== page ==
Besides, landing on the Peleliu's giant flight deck would be the safest type of landing we could do with the doctor onboard. The last control we discussed was that the forecasted weather would allow us to maintain altitudes that would keep us in communications and navigation ranges with the various ships during our 120nm transit from the Fridtjof Nansen to the Peleliu.

Having the doctor on board the helicopter would be of tremendous benefit to our aircrewman, in case the patient's condition worsened. We also knew that the Peleliu might need the doctor's language skills to communicate with the patient. I assessed that the risk to the doctor was something I could not completely eliminate, but the benefit of transferring him with the patient outweighed that risk.

Not wanting to delay our initial launch, we agreed in the brief that we'd attempt the landing on the Norwegian vessel and that we would indeed pick up the doctor with the patient. Our detachment's maintenance team readied the aircraft, we preflighted, and launched uneventfully. The landing on the Fridtj of Nansen was smoother than I anticipated, the patient was loaded and the doctor was briefed, and the 120nm transit to the Peleliu was as quick as we could make it. The patient needed morphine during the flight, which the doctor was able to administer. Finally, the landing aboard Peleliu was without incident and their medical team took charge immediately. Later we learned the patient underwent successful surgery onboard the Peleliu and was recovering well.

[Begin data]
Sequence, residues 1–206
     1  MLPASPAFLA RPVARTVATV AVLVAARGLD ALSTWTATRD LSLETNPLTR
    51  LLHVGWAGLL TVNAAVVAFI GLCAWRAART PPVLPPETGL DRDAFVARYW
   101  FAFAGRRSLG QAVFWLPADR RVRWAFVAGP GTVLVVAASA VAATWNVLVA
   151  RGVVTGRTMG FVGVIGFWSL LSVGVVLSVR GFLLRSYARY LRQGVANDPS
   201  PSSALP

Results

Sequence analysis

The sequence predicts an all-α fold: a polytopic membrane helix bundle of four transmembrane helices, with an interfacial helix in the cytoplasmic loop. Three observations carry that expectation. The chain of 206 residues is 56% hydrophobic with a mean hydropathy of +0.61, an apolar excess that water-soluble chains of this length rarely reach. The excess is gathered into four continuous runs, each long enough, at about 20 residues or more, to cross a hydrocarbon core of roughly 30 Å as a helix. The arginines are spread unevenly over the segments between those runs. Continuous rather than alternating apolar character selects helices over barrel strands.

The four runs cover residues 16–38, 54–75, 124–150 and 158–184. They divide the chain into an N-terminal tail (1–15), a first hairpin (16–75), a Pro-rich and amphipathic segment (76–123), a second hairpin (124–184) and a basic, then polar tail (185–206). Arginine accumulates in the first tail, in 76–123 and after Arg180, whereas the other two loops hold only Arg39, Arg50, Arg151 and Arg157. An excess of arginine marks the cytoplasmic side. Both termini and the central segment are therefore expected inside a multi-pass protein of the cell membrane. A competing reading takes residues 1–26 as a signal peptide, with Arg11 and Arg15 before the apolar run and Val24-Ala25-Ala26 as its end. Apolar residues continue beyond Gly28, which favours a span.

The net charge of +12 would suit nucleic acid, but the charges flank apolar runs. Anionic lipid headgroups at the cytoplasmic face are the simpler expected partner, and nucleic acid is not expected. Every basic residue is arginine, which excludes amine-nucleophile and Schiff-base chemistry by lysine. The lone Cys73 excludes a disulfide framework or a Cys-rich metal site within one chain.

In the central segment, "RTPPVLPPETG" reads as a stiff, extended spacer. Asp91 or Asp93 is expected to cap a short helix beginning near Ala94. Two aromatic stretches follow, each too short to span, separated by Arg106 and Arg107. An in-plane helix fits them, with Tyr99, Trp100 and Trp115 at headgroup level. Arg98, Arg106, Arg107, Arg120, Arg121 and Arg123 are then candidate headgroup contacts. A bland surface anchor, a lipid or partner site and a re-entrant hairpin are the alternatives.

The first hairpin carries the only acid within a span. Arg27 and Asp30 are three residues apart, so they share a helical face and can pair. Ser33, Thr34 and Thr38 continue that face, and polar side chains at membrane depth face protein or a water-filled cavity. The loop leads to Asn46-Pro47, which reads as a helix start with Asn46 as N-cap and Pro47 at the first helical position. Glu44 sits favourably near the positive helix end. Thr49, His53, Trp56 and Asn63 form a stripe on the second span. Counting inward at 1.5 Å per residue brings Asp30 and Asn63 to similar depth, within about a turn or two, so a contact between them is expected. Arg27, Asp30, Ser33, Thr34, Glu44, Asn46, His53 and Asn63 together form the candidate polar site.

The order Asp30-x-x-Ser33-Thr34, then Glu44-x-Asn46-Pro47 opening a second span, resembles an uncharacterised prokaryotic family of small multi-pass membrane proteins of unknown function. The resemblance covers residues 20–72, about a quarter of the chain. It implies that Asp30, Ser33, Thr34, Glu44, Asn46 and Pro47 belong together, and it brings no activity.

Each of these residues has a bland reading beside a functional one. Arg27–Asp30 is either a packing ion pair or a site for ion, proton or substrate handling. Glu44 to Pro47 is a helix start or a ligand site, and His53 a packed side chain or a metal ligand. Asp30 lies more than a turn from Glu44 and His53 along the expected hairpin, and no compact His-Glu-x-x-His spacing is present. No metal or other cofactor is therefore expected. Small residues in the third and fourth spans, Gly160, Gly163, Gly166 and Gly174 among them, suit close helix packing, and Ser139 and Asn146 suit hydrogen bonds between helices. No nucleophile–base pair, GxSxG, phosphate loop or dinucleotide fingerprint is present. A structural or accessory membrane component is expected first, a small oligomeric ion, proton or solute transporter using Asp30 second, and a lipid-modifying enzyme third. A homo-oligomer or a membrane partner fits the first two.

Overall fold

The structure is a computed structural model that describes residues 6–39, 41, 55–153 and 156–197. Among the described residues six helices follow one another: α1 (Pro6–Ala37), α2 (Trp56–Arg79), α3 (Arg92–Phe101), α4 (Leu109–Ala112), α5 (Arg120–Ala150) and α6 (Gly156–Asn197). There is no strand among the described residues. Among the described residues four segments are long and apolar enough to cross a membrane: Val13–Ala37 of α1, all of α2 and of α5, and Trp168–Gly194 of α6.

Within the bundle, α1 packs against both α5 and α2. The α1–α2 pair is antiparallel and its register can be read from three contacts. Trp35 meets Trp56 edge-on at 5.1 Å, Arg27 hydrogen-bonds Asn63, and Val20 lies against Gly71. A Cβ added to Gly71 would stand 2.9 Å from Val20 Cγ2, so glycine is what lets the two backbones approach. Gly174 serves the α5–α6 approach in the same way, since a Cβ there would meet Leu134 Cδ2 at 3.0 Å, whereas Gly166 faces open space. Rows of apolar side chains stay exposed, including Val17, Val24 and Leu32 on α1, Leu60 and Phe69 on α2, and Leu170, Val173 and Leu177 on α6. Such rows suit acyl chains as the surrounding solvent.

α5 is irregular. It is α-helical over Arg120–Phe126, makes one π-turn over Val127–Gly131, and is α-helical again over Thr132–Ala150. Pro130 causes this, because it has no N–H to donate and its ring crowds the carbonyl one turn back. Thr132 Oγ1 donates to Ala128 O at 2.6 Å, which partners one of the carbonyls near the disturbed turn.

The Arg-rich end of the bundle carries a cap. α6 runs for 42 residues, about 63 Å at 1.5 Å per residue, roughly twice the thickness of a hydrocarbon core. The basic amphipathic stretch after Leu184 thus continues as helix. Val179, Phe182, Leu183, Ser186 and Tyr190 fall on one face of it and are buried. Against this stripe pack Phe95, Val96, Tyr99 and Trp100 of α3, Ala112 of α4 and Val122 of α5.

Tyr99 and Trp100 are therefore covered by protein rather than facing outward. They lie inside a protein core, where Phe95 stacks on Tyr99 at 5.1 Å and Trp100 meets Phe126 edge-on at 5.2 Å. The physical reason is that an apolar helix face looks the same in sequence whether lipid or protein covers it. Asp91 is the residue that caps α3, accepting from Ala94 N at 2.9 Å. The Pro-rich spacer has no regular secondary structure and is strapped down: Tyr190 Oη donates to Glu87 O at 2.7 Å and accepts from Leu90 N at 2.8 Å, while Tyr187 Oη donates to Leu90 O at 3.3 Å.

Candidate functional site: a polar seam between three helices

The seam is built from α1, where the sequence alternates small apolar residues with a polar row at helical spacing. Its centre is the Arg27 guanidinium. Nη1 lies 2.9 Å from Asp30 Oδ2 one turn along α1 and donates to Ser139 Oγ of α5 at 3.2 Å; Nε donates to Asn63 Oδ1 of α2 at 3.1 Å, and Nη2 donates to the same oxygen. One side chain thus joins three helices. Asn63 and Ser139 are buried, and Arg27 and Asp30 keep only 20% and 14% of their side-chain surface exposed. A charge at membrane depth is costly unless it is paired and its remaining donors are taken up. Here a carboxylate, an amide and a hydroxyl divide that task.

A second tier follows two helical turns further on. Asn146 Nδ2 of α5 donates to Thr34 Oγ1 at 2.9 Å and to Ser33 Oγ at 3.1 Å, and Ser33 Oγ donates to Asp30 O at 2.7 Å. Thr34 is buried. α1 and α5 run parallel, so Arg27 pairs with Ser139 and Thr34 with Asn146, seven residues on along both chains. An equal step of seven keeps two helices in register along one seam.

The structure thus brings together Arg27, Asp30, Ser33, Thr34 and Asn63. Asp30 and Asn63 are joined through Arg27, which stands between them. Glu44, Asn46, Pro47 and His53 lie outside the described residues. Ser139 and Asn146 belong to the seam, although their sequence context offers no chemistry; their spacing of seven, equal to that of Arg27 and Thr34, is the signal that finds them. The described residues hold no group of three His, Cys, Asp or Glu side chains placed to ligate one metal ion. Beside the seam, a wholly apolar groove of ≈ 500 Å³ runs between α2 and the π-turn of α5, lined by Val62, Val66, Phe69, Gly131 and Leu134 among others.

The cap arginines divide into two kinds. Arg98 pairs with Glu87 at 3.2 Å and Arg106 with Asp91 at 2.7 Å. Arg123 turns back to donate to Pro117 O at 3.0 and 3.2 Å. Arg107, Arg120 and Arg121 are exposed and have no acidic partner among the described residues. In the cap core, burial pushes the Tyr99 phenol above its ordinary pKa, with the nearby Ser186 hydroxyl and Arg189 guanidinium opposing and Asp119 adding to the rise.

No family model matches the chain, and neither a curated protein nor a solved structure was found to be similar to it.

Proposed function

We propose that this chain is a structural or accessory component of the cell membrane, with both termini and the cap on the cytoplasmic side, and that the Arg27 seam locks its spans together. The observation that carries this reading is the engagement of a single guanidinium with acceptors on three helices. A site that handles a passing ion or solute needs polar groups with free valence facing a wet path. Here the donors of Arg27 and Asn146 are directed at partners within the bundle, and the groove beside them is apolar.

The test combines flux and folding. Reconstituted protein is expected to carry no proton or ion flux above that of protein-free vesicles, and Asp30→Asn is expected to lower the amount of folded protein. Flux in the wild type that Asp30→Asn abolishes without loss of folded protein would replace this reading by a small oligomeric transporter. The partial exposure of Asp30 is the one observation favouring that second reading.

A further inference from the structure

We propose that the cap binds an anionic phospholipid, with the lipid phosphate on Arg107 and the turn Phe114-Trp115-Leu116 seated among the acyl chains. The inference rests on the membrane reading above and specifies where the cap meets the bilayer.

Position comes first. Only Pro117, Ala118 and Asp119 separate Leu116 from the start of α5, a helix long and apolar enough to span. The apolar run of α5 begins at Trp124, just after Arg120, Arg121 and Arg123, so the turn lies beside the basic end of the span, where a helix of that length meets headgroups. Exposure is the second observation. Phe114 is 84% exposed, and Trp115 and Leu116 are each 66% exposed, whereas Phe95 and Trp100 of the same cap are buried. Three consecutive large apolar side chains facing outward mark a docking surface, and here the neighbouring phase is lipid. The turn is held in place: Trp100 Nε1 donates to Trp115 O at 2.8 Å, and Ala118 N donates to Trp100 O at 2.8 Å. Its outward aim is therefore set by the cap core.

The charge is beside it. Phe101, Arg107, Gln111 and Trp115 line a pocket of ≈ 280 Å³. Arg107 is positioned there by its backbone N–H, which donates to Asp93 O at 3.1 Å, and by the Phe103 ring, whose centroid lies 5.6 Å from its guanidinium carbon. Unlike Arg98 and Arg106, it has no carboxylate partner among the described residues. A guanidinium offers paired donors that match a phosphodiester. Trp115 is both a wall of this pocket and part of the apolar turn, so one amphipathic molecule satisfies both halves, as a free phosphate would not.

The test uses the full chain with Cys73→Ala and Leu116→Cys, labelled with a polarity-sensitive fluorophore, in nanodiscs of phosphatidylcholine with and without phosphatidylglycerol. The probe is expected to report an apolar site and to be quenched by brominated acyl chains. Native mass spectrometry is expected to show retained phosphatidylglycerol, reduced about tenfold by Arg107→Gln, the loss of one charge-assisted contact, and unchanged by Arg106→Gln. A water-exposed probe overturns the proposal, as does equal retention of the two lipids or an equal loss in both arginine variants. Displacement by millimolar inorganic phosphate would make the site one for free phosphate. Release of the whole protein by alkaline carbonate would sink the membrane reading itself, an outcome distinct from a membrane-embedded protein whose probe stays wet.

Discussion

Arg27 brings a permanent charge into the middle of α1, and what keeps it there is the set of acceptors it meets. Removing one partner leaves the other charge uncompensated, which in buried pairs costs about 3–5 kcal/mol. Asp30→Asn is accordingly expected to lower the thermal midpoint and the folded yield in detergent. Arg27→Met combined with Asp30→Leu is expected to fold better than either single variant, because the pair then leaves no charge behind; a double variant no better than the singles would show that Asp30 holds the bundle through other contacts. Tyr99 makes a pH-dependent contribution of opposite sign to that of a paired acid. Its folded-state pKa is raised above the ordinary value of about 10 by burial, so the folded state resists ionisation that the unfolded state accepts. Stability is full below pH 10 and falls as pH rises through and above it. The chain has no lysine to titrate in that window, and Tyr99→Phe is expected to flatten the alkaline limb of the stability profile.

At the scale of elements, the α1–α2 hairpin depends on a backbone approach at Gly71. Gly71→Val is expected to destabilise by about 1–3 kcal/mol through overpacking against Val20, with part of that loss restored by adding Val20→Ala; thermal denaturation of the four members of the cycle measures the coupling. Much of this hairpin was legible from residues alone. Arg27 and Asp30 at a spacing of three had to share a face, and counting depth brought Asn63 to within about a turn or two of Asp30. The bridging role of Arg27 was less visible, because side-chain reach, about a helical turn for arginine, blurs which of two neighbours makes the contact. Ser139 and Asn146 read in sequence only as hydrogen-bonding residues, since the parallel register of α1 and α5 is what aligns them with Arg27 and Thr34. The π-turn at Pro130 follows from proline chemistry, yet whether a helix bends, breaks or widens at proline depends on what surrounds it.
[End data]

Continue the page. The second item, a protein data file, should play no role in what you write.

While most Aircraft Commanders would have made the same decisions I made that night, it was my first time really straying into the gray area between the black-and-white rules and regulations we abide by. Weighing the risks versus the benefits and using ORM was invaluable in helping me make those decisions. Being a helicopter pilot in the Navy is an inherently dangerous job, but with the right thought process and controls set in place, we minimized the risks in order to increase our chances of having a successful mission and ultimately saved a Sailor's life,

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Title Annotation:ORM corner: Operational Risk Management
Author:Langan, Justin
Geographic Code:1USA
Date:Jul 1, 2015